At 9:01 p.m. on Tuesday, something of an earthquake took place in my political life.
In New York state, voters who change their party affiliation during the course of the year can do so at any time. However, it doesn't go into effect until after the next general election.
Therefore, the form I filled out in June went into effect at that point. Presto, I went from affiliated with the Republican Party to affiliated with no political party.
After 39 years of an association with the GOP, it was not a step I took lightly. But perhaps an explanation is in order in the hopes that it will point out a few important issues that should be part of the conversation on the Republican side, particularly as they deal with the after-effects of losing another Presidential election.
Yes, my parents were strong Republicans, so I had an initial bias that way. But as someone coming off age politically (meaning I could vote), I did identity with the Republican idea that government was not an answer to all of our problems. For as long as I could remember, I tended to associate the Democrats with throwing federal money at problems without much of a sign that it made much of a difference. Still, in hindsight I hoped I realized that there were several ways to get to a goal, and that discussion and compromise were part of the process.
I still think that way, but I found myself more and more in the minority in the Republican Party. As we rolled through the 1980's and 1990's, the voting machine looked as if I had thrown some M&M's at random at the keys when I was done with it, with all sorts of candidates represented. I did have a small bias toward Republican legislators and Democratic judges, since they seemed more inclined not to take much action toward many issues. So in other words, this switch that happened Tuesday will have little practical implication on my voting patterns.I still plan to be all over the place.
But in the past decade or so, I have grown more and more uncomfortably with the right-wing agenda of many Republicans, and their voices in the party have gotten louder.
Let's sum it up in a few issues. I don't attend church. I am pro-choice and pro-same-sex marriage. I don't mind paying more in taxes if I'm convinced the reason is a good one. I have enough respect for our military forces to want them usually only when it is in our vital national interest. Working with all sides is the way to get good deeds done in our system; in other words, compromise should not be a sign of weakness.
When I hear Republicans talk about a return to "family values," I hear them say "my family values and no one else's." When I hear Republicans talk returning to the beliefs of our Founding Fathers (see the health care debate), I want to point out that our Founding Fathers initially didn't believe in the direct election of Senators, didn't let women vote at all, and considered blacks to be only three-fifths of a person. Circumstances change, people change.
Does it sound like Republicans want someone like me in their shrinking "big tent?" I don't think so. If I've learned one lesson over the years, it's "don't stay where you aren't wanted." A lot of people in the Republican Party don't want moderates around -- which is a great way to lose national elections.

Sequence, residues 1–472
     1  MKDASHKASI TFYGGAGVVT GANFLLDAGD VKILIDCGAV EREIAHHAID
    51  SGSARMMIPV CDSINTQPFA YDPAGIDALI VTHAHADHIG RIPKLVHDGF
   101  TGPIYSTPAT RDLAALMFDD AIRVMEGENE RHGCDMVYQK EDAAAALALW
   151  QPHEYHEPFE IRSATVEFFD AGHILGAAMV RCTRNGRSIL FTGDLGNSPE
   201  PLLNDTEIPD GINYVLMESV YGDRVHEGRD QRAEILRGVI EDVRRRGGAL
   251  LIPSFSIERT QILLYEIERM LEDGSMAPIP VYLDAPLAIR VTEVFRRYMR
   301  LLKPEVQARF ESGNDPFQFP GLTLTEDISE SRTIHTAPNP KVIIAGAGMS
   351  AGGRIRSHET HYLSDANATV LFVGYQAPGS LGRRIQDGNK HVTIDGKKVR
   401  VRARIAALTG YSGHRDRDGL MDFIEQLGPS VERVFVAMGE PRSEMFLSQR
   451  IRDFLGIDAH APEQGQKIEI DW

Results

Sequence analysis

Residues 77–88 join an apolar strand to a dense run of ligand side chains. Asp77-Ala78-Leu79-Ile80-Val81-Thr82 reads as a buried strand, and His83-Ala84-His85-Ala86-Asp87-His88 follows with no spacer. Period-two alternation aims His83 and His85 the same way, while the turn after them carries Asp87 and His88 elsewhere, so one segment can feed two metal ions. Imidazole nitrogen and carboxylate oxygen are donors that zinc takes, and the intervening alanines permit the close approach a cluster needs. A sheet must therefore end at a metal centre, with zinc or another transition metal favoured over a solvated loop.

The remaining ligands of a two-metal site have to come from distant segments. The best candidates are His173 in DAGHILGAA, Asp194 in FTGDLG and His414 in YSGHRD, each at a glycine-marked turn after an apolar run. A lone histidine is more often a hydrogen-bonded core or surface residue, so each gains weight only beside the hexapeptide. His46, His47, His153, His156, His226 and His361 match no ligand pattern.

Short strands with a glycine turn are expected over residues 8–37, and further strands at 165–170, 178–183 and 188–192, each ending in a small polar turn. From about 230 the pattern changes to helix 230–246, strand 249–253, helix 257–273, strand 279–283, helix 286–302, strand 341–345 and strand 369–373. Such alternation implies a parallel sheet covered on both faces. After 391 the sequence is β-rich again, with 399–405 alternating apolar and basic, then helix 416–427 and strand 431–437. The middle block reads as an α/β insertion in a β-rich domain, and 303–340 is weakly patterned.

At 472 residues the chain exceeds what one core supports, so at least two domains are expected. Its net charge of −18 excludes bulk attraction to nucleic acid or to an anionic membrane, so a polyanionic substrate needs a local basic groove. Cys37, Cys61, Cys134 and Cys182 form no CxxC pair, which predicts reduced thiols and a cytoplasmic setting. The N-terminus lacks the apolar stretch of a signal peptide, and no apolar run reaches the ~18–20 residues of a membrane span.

I first thought about switching parties in 2008. The choice of Sarah Palin as the vice-presidential candidate struck me as particularly dreadful. She was clearly unqualified to be President, and was only picked because John McCain needed someone to excite the base. Palin is clearly unqualified to make any remarks about the "lamestream media," particularly considering her reading habits. It was difficult to be associated with that choice even in a very small way, since people heard my party affiliation and made a wide range of (incorrect) assumptions about my views.
But it took the New York Presidential primary of 2012 to actually get me to look up the procedure on switching. The primary, at that point, was merely a symbolic gesture since Mitt Romney had the nomination wrapped up. But I couldn't vote for him. He had seemed promising to me once upon a time, but changed his views frequently in an obvious attempt to pander to more conservative elements of the party - especially in this second Presidential bid. Romney came off with a bored rich guy who needed something to do. Rick Santorum was far too conservative for me, and Newt Gingrich mixed a great deal of intelligence with megalomania. Jon Huntsman would have been acceptable, as he seemed like the adult at the table, but he wasn't on the ballot. I instead voted for Ron Paul in the primary. Paul has nine wacky ideas for every interesting one, but at least he's been consistent in his viewpoints.
It wasn't much of a choice. The next day, I went on line to look up how to change registration affiliations. And it was easy - print out a form and find a stamp.
Now, I'm a blank. I'm still not comfortable with all the Democrats represent. If people want to drink 32-ounce Big Gulps, I don't think government should stop them. Therefore, a non-affiliated listing is a good place for me - somewhere in the middle. In other words, I find both Sean Hannity of Fox and Lawrence O'Donnell of MSNBC partisan to the point of being unwatchable. I'll try to collect information and cast an intelligent ballot ... just like I do for the baseball all-star teams, the lacrosse awards, and the other important issues of the day.
My vote is now more up for grabs than ever, boys and girls of all political parties. You are invited to try to get it.
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